". . . But the past does not exist independently from the present. Indeed, the past is only past because there is a present, just as I can point to something over there only because I am here. But nothing is inherently over there or here. In that sense, the past has no content. The past -- or more accurately, pastness -- is a position. Thus, in no way can we identify the past as past." p. 15

". . . But we may want to keep in mind that deeds and words are not as distinguishable as often we presume. History does not belong only to its narrators, professional or amateur. While some of us debate what history is or was, others take it into their own hands." p. 153

Silencing the Past: Power and the Production of History (1995) by Michel-Rolph Trouillot

Monday, May 27, 2013

I Did See Fort Sumter, Fort Moultrie and Much Else This Day of Memory

It being Memorial Day, with the numberless U.S. flags all around us here in militarylandia at half mast and the humans heading to the many beaches all around us here, enjoying their water craft all around us here, reunionizing and touristing too, black soldiers were much in the forefront of my mind this long weekend.

There are many black soldiers all around us here, doing everything everybody else was doing doing, like all the other military personnel all around us here, and like everybody else these soldiers were in civies this weekend, because they had leave of one kind or another.  That they are in the military though, shows through -- young, fit, upright, meeting and greeting each other in the streets, whether in groups (all of those groups were mixed) or with their families (a lot of these families are mixed race) or solitary.  But whenever any military fellow (and I did not see a single obviously military woman this whole time) met up with another fellow military, they seemed to know each other, pummeled and high fived and otherwise indicated solidarity and confrere status.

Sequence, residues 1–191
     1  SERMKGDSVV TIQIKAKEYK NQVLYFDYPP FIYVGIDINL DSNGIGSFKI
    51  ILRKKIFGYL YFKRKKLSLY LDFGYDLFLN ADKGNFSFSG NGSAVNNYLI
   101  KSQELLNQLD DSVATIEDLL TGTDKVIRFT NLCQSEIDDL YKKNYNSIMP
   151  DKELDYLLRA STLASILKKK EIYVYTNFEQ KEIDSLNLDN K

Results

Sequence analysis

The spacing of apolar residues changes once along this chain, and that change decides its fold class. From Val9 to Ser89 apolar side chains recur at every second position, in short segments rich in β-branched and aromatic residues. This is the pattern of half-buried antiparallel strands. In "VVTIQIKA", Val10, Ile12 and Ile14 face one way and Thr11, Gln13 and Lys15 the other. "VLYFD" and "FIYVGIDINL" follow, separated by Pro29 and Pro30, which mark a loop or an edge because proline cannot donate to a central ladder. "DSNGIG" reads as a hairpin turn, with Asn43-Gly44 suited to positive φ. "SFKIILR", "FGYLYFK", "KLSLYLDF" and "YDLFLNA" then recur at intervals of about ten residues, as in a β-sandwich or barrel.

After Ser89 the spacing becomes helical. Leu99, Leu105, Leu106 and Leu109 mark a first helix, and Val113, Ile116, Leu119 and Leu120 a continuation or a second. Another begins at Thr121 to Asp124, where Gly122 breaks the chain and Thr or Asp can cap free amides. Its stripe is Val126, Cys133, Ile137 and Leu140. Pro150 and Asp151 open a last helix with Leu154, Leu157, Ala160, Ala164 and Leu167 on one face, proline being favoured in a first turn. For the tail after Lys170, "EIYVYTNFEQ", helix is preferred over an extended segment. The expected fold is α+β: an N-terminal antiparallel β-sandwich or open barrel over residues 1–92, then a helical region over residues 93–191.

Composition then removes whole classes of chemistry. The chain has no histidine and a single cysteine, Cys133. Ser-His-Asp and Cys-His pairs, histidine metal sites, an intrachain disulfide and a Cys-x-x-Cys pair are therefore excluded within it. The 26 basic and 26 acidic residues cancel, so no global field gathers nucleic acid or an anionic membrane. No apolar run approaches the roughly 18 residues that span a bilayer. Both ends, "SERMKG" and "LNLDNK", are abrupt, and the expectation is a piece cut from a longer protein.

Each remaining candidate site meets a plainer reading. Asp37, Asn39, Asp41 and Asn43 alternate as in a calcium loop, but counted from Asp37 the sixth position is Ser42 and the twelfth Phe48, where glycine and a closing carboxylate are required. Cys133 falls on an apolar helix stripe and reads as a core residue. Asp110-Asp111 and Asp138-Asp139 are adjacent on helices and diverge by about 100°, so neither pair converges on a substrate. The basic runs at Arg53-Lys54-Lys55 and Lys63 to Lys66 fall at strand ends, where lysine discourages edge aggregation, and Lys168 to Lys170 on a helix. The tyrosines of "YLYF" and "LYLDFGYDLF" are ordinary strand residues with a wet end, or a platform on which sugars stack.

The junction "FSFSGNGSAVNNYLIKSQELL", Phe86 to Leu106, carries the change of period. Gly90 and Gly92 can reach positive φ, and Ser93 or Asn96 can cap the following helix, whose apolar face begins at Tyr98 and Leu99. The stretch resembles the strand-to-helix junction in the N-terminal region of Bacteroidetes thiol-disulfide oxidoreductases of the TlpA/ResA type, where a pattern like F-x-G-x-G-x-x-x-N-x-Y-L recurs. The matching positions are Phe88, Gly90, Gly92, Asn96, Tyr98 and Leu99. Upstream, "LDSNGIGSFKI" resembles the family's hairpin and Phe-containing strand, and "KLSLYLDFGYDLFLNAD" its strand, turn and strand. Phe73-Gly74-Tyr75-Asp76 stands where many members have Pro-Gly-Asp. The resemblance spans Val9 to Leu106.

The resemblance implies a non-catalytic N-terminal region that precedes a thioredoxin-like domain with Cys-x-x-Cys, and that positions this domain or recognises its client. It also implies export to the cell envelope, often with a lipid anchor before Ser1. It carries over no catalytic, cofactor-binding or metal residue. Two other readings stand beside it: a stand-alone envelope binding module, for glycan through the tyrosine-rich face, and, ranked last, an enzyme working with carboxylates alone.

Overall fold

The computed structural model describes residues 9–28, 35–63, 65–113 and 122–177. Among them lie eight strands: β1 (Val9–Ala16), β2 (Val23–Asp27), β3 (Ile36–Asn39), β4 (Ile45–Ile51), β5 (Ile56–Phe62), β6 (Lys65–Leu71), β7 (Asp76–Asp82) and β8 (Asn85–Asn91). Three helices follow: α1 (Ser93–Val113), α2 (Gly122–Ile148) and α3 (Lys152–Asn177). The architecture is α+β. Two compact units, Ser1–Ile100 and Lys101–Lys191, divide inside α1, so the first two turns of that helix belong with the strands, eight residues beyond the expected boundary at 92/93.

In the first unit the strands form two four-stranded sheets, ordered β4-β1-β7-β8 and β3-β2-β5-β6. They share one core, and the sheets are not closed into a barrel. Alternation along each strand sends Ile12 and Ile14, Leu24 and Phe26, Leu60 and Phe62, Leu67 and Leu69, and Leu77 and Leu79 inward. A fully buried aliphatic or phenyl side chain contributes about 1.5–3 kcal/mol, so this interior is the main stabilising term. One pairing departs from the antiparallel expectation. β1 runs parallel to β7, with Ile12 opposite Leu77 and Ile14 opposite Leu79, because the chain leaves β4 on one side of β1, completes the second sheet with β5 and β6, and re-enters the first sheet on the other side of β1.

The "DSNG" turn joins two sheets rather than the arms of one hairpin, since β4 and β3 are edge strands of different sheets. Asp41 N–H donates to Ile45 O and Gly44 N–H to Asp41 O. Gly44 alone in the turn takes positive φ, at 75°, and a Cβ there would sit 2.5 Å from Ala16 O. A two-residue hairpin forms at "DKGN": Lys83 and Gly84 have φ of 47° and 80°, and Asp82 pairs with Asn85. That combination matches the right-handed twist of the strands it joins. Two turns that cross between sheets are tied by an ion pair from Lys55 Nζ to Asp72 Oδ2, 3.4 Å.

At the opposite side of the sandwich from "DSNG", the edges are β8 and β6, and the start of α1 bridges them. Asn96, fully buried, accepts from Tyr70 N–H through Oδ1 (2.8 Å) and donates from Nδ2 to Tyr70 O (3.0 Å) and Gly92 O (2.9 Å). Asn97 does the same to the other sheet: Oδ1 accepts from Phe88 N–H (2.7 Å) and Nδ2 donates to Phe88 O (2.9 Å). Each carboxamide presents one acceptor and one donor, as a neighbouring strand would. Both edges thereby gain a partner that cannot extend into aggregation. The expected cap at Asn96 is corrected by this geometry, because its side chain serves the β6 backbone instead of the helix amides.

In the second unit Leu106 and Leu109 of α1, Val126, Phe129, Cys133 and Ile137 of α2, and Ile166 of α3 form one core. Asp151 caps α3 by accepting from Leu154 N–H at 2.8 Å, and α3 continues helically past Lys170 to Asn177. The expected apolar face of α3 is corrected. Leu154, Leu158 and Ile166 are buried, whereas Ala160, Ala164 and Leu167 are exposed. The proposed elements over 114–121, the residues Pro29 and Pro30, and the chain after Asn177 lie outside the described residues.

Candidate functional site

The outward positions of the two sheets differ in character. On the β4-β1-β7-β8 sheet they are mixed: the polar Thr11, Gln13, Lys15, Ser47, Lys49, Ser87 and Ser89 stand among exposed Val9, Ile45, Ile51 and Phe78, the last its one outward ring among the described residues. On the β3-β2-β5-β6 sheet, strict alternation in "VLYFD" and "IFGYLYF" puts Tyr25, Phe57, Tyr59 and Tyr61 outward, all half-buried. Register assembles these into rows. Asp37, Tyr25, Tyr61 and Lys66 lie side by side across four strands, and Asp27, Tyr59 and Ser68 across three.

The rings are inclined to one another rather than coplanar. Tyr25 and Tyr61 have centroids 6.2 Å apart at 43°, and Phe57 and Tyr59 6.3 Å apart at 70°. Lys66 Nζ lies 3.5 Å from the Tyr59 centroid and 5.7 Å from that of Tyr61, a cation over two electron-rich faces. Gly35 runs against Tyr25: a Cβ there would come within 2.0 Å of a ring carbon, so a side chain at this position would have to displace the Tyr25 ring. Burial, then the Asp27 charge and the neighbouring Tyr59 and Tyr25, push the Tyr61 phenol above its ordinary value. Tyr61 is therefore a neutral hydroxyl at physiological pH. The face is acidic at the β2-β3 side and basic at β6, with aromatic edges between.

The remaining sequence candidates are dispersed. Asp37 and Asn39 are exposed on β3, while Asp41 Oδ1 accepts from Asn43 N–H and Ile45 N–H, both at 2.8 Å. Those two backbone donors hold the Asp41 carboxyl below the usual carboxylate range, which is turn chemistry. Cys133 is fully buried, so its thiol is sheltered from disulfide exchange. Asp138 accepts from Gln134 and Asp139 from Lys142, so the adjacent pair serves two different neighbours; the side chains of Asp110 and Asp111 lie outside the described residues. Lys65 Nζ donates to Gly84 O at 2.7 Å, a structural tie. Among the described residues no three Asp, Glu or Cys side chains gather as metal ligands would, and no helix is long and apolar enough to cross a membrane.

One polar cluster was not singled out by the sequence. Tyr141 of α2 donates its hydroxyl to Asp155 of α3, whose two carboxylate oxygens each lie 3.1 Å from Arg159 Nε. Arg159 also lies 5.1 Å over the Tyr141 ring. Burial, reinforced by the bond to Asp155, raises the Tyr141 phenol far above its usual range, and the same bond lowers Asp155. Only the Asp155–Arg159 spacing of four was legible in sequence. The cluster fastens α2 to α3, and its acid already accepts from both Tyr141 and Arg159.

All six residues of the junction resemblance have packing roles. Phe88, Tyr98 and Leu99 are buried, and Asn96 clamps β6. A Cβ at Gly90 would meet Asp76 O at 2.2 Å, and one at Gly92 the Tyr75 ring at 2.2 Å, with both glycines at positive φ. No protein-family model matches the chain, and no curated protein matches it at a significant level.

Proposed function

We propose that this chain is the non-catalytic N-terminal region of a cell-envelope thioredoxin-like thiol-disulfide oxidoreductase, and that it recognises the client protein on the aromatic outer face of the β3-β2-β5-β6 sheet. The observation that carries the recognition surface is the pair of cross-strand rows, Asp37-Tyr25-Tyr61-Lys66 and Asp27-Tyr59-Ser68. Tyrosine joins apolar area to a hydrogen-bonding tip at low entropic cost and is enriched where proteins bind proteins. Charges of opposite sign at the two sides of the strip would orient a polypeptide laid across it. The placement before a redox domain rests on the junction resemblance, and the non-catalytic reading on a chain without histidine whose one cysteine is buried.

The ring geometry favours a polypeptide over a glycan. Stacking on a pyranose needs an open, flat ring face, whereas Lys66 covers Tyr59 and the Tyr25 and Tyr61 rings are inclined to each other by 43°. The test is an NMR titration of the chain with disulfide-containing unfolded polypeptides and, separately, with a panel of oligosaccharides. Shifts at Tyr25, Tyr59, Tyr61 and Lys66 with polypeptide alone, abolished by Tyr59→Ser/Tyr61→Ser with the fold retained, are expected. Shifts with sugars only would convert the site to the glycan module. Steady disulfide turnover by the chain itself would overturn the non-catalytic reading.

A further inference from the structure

So military.  Members of the military are trained to use all kinds of weapons from those they fly in the air to those they carry at their sides or on their shoulders or over their backs.  They weren't wearing any today as far as could be told -- as their clothing was generally light it would have been hard to conceal concealed carry.  There certainly was no open carry anywhere around us ....

I could not help think about the days of the Civil War, with the CSA getting whupped, running out of weapons and ammo and manpower both.  Once again it was brought up in the CSA house and senate: What about we draft Our Negroes and give them guns and have them kill Yankees?  That got shot down by the same power elite that moved and shook the slave holding south into seceding and fighting a war on their behalf.  You CANNOT arm a nigrah.  You CANNOT. Shades of San Domingue and Nat Turner, YOU CANNOT.

So, there was a terrific irony there are African American men now, roaming freely the city of Charleston, in the very beating heart of the slave holding aristocratic CSA, all highly qualified in handling all kinds of deadly weapons, and today, they were being honored.  In Charleston.